Monopoly and Fascism in America Today
The Hidden History of Monopolies: How Big Business Destroyed the American Dream
Monopoly and Fascism in America Today
Today, things are even worse than in FDR’s time.
“The top 1 percent of families captured 58 percent of total real income growth per family from 2009 to 2014,” wrote economist Emmanuel Saez for the Washington Center for Equitable Growth.4
In large part, the concentration of both wealth and income has come about in the era since the Reagan presidency and the introduction of “Reaganomics.” In the 40 years prior to Reagan, income and wealth among working people was growing at a faster rate than it was for the top 1%. Since Reaganomics was instituted—a system within which we’re still operating— the wealth and income of the top 1% has exploded.
When Reagan came into office in 1981 and welcomed the monopolists back into government, everything shifted. Where we once had wide and celebrated local and regional diversity in beer brewing, for example (remember “Milwaukee’s Finest” and when Coors had to be smuggled out of Colorado?), today we have instead two corporations that produce over 90% of all the beer consumed in the United States, and one of the two, Anheuser-Busch, is now largely owned by Belgian and Brazilian investors.5
If you want to relax with the internet instead of a beer, that marketplace is also highly concentrated.
While South Koreans get internet speeds 200 times faster than what most Americans get, and pay only $27 a month for their service, Susan P. Crawford, author of Captive Audience: The Telecom Industry and Monopoly Power in the New Gilded Age and former board member of ICANN, told me that the average American consumer pays around $90 a month for a cell phone with a data plan, compared with the European aver- age of just $19 (and the coverage is better and the data is both faster and unlimited).
Why? Because the European Union doesn’t tolerate monopolies as the United States does. There are hundreds of small and feisty competitors across the continent.
On Wall Street, the 20 biggest banks own assets equivalent to 84% of the nation’s entire gross domestic product (GDP). And just 12 of those banks own 70% of all the banking assets. That means our entire banking system relies on just a few whales that must be saved at all costs from going belly up, or else the entire system goes belly up.
And consider our food industry. According to Tom Philpott at Mother Jones magazine, agriculture oligopolies exist from farm to shelf. Just four companies control 90% of the grain trade. Just three companies control 70% of the American beef industry. And just four companies control 58% of the US pork and chicken producing and processing industries.
On the retail side, Walmart controls a quarter of the entire US grocery market. And just four companies produce 75% of our breakfast cereal, 75% of our snack foods, 60% of our cookies, and half of all the ice cream sold in supermarkets around the nation.
Then there’s the health insurance market. Just four health insurance companies—UnitedHealth Group, WellPoint, Aetna, and Humana—control three-quarters of the entire health insurance market. And, as a 2007 study by the group Health Care for America Now uncovered, in 38 states, just two insurers con- trolled 57% of the market. In 15 states, one insurer controlled 60% of the market.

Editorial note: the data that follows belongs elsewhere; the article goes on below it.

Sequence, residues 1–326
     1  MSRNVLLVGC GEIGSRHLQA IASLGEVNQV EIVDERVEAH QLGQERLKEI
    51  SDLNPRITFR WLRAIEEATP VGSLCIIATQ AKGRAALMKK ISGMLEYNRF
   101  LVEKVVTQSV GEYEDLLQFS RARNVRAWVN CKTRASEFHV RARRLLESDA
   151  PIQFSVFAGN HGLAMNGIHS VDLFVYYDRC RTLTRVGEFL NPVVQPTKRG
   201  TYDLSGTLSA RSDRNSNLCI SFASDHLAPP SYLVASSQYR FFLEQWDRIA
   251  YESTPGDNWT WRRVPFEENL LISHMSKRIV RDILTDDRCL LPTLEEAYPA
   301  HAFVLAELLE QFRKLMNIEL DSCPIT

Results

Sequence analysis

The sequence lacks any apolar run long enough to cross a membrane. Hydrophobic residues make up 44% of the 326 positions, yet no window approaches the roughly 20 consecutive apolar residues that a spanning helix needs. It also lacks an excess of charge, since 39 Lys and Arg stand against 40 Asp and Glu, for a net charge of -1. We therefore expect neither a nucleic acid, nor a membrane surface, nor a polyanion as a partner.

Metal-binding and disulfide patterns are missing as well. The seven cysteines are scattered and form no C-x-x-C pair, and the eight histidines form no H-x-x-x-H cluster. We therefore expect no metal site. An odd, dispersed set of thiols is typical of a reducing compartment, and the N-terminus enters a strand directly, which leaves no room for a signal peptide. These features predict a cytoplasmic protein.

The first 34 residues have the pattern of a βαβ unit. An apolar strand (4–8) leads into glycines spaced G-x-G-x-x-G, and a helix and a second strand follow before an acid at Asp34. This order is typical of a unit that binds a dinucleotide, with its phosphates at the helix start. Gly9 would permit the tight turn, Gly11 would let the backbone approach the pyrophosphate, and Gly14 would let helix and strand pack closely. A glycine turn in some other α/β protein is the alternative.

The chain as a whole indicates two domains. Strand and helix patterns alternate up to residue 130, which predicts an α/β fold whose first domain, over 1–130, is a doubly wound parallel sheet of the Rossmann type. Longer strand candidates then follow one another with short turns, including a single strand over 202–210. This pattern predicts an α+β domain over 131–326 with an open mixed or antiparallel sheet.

Since there’s no functional competition in such a market, prices continue to go higher and higher while the profits for these whales skyrocket too.
In the cellular phone market, just four companies—AT&T Mobile, Verizon Wireless, T-Mobile, and Sprint Nextel— control 89% of the market. And in the internet arena, just a single corporation—Comcast—controls more than half of the market.
As Adam Smith pointed out, and the Founders of this republic well knew, capitalism is a game that can work for the average person and the small business, but only when the rules of the game are set that way. Re-rig those rules to give disproportionate power to the very wealthy, and we slide into what Franklin Roosevelt called fascism.
Since money often equals political power, and political power can be used to rewrite the rules of business and tax law to further concentrate and enhance wealth and income for those paying the lobbyists and members of Congress, this situation not only represents the economic threat of making the marketplace more fragile and liable to crashes like what happened in 1929 but also represents a threat to democracy itself.
Most Americans would be highly offended if the NFL rules were changed to allow whichever team had the most money to have an extra three players on the field at all times. But that’s exactly what Reaganomics and its deregulation have brought us in our marketplaces; it’s the staggering difficulty that every small business in America faces today.
To understand how to fix this situation so that America’s small businesses and middle class can once again thrive, it’s important to understand the factors at play that created the vibrant, localized American economy that was the hallmark of mid-20th-century America.
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